5 Inexpensive European Project Cars for Gearheads
In an effort to add to our running list of affordable project cars for gearheads to tinker with, the Cheat Sheet has decided to approach the European side of the market this time around. Right away there was a problem: While our article on American project car possibilities was pretty straightforward, and our piece on five Japanese vehicles to consider was well received, they both came together with some sort of fluidity.
But for whatever reason, the Euro side of the equation was a real tough nut to crack. That’s partially due to the fact that there are so many considerations available these days. From classic BMW M3 rockets, to the iconic Volkswagen GTI MKII, the amount of options were overwhelming, as many of these cars can now be had for well under $10,000.
The old stigma that “European car parts are expensive” may still be true in certain cases, but knowing that in advance is half the battle. Remember, if you’ve got the money for a fixer-upper, you damn well had better have the dough for some quality restoration parts and upgrades.
So in order to keep it concise, here’s what we came up with: A list of five European cars that can be had for very little with some dedicated patience and internet time. Yes, there are going to be some brilliant automobiles that have been omitted due to space constraints, and while we would like to include them all, a rundown of a few of our personal faves seems to be a far more digestible option. Here’s what we’ve got…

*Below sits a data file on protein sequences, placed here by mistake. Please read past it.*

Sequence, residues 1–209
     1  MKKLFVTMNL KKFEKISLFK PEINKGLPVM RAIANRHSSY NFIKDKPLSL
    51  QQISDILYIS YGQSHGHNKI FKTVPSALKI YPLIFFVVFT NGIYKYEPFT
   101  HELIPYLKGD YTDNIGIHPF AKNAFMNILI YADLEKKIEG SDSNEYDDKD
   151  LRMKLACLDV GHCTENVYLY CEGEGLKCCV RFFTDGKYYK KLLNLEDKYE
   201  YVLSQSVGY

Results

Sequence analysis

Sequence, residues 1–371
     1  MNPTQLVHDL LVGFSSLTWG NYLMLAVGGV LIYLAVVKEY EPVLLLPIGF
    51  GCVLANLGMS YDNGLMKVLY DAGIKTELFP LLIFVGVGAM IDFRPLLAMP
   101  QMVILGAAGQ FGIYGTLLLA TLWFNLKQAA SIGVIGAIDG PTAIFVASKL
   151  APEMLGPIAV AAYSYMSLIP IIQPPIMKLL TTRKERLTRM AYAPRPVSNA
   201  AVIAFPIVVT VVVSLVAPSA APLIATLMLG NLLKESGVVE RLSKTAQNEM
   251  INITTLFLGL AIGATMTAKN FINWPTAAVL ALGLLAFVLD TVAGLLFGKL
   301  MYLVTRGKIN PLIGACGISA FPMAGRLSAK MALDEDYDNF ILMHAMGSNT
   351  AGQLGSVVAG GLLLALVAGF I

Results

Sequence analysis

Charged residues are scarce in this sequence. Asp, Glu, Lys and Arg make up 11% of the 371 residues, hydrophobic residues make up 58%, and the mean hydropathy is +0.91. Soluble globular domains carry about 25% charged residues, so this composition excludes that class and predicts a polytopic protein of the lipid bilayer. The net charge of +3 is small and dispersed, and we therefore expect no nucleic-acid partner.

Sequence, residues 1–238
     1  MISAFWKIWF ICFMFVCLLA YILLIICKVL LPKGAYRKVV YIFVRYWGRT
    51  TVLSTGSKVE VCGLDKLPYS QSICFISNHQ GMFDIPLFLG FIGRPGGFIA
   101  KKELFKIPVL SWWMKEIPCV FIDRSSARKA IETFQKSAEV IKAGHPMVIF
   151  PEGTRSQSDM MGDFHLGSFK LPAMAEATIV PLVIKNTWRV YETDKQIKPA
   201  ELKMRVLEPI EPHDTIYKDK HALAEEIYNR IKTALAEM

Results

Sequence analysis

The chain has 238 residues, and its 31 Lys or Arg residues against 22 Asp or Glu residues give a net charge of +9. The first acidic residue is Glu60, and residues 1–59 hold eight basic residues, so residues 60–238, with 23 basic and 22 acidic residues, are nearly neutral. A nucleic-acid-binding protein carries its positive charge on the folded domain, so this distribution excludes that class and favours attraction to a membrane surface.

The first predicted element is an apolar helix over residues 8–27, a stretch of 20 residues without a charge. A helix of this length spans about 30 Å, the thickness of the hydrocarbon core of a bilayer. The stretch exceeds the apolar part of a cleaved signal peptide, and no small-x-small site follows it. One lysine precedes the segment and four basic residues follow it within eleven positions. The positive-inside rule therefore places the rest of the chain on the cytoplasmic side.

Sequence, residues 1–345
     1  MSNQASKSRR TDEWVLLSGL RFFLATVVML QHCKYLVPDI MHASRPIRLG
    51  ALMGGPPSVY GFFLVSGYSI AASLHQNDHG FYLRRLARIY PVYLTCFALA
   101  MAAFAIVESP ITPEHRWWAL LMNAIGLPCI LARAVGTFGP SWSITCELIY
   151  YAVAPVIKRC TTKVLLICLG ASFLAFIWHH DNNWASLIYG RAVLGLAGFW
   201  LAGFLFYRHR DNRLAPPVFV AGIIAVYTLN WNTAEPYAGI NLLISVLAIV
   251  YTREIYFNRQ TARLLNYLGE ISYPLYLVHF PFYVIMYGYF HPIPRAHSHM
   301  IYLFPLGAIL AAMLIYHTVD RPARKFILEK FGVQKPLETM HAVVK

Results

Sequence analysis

1. 1968-1976 BMW 2002
We start off with a classic car that both looks timeless, and handles surprisingly well for its age. Taking a minimalistic yet utterly practical approach to versatility, BMW wooed Americans in the late 1960s with a sporty two-door that came in a surprisingly large package, offered independent suspension all around, and showcased a build quality that was both resilient and timeless. To make this car, BMW supposedly cut 2 inches out of the wheelbase and removed the rear doors in order to create what it called the “1600-2″ for the 1966 model year. Once a torque-filled 2.0-liter version emerged a little later, this more powerful unit wound-up in the enlightened entity you see here.
According to a feature from a while back in Popular Mechanics, “the 2002 almost single-handedly established BMW as a serious, world-class builder of sport sedans.” Naturally, the most sought after 2002 is the 130-horsepower, fuel-injected 2002tii model that was first introduced in 1971, and since quite a few of these cars were made for America, and swaps remain a pretty straightforward process, this Datsun 510 adversary makes the list as a relatively affordable option.
2. 1966-1969 Porsche 912
When Porsche halted production of its 356 back in 1965, the world waited with unknowing curiosity bubbling alongside enthusiastic anticipation. Everyone already knew that the 911 was going to be a homerun, it’s just that this was going to be a six-cylinder, and enthusiasts were already so used to the four-bangers Porsche had been cranking out. So in a moment of madness, desperation, or so some blend of both, Porsche slapped its trusty air-cooled four-cylinder from the 356 1600 SC into the back of the minty fresh 911, thus creating the 1966 912.